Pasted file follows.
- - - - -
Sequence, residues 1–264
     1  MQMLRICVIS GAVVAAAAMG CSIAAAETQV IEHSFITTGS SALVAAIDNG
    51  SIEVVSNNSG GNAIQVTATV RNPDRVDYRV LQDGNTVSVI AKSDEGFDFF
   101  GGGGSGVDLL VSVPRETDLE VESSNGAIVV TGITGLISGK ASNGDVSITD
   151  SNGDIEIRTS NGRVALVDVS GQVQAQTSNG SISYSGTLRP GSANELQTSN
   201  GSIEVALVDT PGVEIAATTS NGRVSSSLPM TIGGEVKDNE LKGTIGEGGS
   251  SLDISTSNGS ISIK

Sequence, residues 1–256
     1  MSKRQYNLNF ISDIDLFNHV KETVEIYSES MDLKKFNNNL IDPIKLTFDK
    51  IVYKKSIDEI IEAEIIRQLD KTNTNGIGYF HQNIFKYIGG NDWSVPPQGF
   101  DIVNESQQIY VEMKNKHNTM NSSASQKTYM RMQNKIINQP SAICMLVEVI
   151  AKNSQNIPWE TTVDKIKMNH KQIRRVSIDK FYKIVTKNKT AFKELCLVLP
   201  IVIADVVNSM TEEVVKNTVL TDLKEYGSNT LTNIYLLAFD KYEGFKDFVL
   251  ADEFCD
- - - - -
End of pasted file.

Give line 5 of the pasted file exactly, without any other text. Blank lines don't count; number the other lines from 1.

   151  SNGDIEIRTS NGRVALVDVS GQVQAQTSNG SISYSGTLRP GSANELQTSN